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Malindi Guards On Strike Notice Over pay Row 

More than 50 employees of a security firm in Malindi Town have threatened to down their tools to protest at their employer’s failure to pay their salaries amounting to millions of shillings.

The security guards working with Comfort Security Services claimed that the company’s Chief Executive Officer, Mr. Patrick Karisa, had failed to pay them their monthly salaries of up to eight months, making life difficult for them especially during the Coronavirus disease (Covid-19) crisis.

They accused Mr. Karisa of taking them in circles whenever they confront him concerning their pay, saying their employer had resorted to intimidation, telling them that they would lose all their dues in case they quit.

“We are now torn between two options: to quit and lose our pay or to stay put and remain destitute due to lack of pay,” Davis Mtawali told journalists at the Sindbad garden in Malindi Town on Wednesday.

Mtawali said the security officers’ cries for help from the Ministry of Labour offices and the police in Malindi had fallen on deaf ears and wondered whether the two government agencies had been compromised.

Mr. Davis Mtawali, a security guard working with Coast Comfort Security Services, addresses journalists at the Sindbad public park in Malindi Town on Wednesday. He and more than 50 others have accused their employer of failing to pay them their dues running to up to eight months.

 

“Life has become unbearable especially during the Covid-19 crisis as we are not able to pay rent and put food on the table. We are forced to rely on food donations from our parents in the rural areas yet they (parents) expect us to be supporting them since we are employed,” he said.

He said most of the guards were youth between the age of 20 years to 28 years seeking to earn a living and that it was wrong for an individual to take advantage of them.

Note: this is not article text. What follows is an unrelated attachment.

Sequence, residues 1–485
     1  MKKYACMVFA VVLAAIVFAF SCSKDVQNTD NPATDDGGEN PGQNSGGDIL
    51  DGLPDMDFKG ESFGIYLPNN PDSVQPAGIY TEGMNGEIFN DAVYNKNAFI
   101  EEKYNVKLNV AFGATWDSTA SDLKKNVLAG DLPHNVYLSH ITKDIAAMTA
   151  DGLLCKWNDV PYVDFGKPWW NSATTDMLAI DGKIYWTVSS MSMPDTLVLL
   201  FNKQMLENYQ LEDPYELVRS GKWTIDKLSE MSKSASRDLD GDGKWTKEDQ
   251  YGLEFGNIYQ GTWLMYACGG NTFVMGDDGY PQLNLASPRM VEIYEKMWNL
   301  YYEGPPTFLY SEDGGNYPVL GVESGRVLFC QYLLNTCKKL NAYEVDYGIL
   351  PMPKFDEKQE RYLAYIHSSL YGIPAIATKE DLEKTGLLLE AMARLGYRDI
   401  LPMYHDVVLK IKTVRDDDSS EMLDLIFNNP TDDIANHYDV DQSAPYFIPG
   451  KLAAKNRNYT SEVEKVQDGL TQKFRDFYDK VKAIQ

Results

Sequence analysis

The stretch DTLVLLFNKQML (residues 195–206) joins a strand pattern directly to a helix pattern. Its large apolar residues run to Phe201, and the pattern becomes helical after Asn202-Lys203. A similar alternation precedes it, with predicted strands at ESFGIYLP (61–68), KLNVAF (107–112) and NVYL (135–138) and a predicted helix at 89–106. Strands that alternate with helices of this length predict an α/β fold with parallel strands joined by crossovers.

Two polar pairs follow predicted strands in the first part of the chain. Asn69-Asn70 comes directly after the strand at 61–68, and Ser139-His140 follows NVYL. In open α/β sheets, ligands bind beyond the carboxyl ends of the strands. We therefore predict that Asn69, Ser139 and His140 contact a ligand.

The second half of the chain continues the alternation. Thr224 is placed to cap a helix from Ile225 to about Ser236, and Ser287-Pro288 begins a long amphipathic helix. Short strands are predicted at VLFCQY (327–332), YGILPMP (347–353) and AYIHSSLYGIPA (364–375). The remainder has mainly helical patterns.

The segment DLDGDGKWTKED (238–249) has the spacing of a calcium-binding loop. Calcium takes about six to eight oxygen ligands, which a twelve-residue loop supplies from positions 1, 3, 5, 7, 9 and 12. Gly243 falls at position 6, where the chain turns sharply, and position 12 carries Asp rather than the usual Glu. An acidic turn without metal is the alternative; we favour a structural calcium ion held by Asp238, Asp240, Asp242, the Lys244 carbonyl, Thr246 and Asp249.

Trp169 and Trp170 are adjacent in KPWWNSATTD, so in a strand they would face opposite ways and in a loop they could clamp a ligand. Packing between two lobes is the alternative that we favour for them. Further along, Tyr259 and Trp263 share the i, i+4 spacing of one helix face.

He said despite failing to pay them, the director had used the money to build a luxurious bar and restaurant as they (guards) continue to suffer.

“We’ve tried to raise our issues with different offices but this has not been successful,” he said adding, “Some of us have suffered the misfortune of losing our wives, who have run away since we cannot feed them.”

He called on the government to intervene and have the matter settled, “before we do something drastic against the law,” he said.

Emmanuel Ndurya, another employee, said that he is a frustrated man after been taken for a ride by the employer, who he said had forced them to open bank accounts with Imarika Sacco Society in Malindi but had not deposited even a cent in the accounts.

“Our employer has continued to give us false promises and always resorts to insult and intimidation whenever we confront him with the matter,” he said.

He said some of his colleagues had been kicked out of their houses for failure to pay rent while others depend on their parent’s assistance to survive the harsh economic times.

Contacted for comment, the director confirmed that he had some financial problems because the Kilifi County Government, which has contracted the firm to provide security services to its installations, had not received money from the Exchequer due to the stalemate over the revenue sharing formula in the Senate, so could not pay the company.

“As you well know, county governments have not received money due to the stalemate in the Senate, but immediately this is resolved and I receive money, I will sort out all my employees,” he said.

Speaking on phone, the CEO assured the workers that none of them would be victimized, saying he understood their plight.

Although the employees claimed Karisa had told them to open bank accounts at Imarika Sacco Society, he told the Kenya News Agency on phone that he was paying them through the Kenya Commercial Bank (KCB), Malindi branch.

By Emmanuel Masha/Joe Caleb 

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